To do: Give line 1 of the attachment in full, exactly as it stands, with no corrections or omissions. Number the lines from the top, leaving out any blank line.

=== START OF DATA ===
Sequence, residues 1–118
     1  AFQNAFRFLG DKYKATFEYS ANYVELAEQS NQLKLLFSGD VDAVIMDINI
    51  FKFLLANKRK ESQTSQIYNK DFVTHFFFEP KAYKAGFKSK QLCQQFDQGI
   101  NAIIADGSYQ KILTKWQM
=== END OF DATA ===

Sequence, residues 1–118